Perhaps the most surprising thing about Melbourne writer Patrick Emery’s exhaustively researched and engrossing biography of the late Spencer P. Jones is that it found a publisher.
Thanks to the internet, book publishing is a low-margin crap shoot. But Aussie publishing houses were already renowned for their lack of imagination and reluctance to take risks on books about anyone who’s not mainstream, middle-of-the-road or, ahem, National Living Treasures. Even those imprints that are outgrowths of universities, our bastions of free thought.
If you haven’t received a formal rejection letter from a friendly Aussie publisher after shopping a musician’s autobiography, you haven’t lived. The stupidity of not keeping and framing a letter that read, in part, “there is no market for this because Radio Birdman fans can’t read” is regrettable in hindsight – it should have gone straight to the pool room - but, fuck you, anyway, self-important publisher twat. You deserve to be shot by a ball of your own shit.
Patrick Emery suffered his share of similar fools while trying to place “Execution Days”.
SPENCER P. JONES
In "Zen and the Art of Motorcycle Maintenance", Robert Pirsig interrogates the very nature of quality through the lens of motor mechanics. Care and Quality are internal and external aspects of the same thing. A person who sees Quality and feels it as he works is a person who cares. A person who cares about what he sees and does is a person who’s bound to have some characteristic of quality.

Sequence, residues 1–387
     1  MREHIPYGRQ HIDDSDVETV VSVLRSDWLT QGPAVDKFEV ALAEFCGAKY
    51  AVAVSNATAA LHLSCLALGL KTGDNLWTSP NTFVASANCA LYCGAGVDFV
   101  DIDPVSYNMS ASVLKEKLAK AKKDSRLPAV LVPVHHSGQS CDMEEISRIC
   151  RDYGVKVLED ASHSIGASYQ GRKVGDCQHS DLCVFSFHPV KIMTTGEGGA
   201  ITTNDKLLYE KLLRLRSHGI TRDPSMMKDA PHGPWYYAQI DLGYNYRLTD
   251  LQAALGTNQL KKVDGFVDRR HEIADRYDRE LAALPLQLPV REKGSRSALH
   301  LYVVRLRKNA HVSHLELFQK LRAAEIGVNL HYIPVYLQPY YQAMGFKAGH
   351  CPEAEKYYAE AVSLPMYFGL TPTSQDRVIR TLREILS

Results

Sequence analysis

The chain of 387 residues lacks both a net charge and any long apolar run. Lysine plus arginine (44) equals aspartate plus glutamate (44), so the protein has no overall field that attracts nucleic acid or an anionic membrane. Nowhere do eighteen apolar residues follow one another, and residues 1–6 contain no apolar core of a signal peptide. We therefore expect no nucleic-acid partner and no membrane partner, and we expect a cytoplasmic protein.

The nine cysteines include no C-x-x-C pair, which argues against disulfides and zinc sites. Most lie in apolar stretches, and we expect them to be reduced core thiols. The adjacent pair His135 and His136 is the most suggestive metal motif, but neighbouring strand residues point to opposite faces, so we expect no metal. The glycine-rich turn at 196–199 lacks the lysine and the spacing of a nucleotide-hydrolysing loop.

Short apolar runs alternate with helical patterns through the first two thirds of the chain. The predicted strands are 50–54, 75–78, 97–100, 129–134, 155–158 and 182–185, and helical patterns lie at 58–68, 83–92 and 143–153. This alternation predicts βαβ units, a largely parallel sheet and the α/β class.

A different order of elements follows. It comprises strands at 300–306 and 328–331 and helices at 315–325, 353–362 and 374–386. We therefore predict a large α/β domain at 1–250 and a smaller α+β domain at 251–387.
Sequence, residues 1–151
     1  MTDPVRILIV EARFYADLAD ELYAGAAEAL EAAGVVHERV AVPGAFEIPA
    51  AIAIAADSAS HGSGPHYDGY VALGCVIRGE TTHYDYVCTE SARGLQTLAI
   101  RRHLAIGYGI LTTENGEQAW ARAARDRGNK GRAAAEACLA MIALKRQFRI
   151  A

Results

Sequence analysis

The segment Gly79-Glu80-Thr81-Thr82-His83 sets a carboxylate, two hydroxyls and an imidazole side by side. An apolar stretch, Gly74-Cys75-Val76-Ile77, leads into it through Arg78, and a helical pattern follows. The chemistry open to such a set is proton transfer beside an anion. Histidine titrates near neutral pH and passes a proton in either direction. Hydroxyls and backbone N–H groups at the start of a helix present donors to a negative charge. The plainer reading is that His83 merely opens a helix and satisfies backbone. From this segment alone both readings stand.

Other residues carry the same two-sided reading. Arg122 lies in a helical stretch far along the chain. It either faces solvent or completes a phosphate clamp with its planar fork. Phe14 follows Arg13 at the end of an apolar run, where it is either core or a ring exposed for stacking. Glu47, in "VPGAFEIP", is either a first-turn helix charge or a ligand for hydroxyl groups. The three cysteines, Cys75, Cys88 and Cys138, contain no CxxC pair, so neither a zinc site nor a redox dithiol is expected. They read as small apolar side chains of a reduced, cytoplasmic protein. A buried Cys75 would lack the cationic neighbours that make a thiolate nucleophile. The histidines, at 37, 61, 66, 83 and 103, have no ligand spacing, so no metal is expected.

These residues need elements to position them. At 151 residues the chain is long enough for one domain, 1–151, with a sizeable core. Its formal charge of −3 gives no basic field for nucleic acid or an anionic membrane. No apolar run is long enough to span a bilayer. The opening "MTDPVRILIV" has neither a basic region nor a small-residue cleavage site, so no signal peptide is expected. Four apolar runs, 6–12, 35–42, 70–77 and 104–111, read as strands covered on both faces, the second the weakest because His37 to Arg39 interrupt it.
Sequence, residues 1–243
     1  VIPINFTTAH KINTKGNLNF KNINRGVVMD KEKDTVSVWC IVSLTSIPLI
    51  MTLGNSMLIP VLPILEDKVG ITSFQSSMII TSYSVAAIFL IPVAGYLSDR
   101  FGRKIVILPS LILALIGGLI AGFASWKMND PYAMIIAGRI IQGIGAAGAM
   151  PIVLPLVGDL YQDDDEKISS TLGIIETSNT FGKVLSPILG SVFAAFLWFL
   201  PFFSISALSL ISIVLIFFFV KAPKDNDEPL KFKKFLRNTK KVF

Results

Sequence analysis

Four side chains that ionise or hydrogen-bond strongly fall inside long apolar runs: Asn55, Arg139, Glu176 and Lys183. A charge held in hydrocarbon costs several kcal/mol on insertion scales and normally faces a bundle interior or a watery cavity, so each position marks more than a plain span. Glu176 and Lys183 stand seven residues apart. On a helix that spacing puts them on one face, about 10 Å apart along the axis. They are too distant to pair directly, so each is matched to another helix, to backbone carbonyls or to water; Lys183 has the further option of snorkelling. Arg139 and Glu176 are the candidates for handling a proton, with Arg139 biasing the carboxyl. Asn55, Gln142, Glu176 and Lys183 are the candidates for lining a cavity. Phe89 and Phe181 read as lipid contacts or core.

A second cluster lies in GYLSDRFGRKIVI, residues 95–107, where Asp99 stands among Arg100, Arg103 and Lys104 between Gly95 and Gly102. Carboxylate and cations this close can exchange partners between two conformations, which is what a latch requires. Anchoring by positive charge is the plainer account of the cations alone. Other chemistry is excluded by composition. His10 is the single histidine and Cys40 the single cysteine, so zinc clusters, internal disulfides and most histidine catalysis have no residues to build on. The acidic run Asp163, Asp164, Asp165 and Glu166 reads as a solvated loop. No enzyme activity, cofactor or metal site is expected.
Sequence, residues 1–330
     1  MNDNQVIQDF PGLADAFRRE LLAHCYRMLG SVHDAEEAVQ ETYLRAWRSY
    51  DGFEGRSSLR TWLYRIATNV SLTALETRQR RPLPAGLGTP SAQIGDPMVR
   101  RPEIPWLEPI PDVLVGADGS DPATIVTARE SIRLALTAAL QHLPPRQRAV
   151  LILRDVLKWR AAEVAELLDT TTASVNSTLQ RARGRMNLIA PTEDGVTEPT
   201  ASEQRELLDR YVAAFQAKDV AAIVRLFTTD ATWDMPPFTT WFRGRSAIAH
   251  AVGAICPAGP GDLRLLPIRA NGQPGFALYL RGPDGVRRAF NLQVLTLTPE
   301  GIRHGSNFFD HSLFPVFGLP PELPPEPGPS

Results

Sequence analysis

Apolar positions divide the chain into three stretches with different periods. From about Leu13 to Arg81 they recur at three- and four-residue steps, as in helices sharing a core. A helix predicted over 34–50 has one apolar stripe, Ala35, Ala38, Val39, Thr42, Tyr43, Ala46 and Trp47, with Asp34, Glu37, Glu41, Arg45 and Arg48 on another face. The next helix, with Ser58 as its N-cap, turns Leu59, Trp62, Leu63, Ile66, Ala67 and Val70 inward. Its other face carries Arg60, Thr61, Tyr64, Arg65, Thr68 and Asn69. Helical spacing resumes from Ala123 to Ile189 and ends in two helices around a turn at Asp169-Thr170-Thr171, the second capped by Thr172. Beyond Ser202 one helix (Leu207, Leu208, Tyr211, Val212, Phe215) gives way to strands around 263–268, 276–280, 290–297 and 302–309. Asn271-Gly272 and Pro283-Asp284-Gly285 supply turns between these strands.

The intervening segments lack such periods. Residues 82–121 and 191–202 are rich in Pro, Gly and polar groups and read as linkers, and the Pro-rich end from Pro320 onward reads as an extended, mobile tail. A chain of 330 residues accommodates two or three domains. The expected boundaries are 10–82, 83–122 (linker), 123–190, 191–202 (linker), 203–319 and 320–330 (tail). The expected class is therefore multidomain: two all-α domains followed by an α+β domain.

Spencer Jones knew a thing or two about quality - especially musical quality. Born in 1956, the Year of Elvis, Spencer wanted to be a working musician as long as he could remember. Spencer’s family moved from the regional town of Te Awamutu to Auckland in 1965, the same year the British invasion swept through New Zealand, with tours by The Rolling Stones and, infamously, The Pretty Things.
Spencer’s grandfather was a gifted musician; his mother, too, was born with a natural ear. Recognising Spencer’s musical abilities, Spencer’s elder brother Ashley recommended his parents buy Spencer a guitar.
Carbie Warbie photo
PATRICK EMERY'S TOP 10
Nudity – Nudity Is God’s Creation– I ordered this through Richie Ramone’s Strangeworld Records on the basis of the name and a brief musical snippet alone. A re-release of a double album of choice cuts from 2005-2010, a smattering of Pagans-ish punk rock, Detroit garage, fuzzed out psychedelia and raga frenzies. My favourite vinyl purchase for 2021. The neighbours are still processing it.
Foggy Notion –great live band, great songs, talented players. By my count, we’ve seen them 10 times this year, with at least four shows cancelled due to you-know-what. New album out digitally, physical copy due March 2022.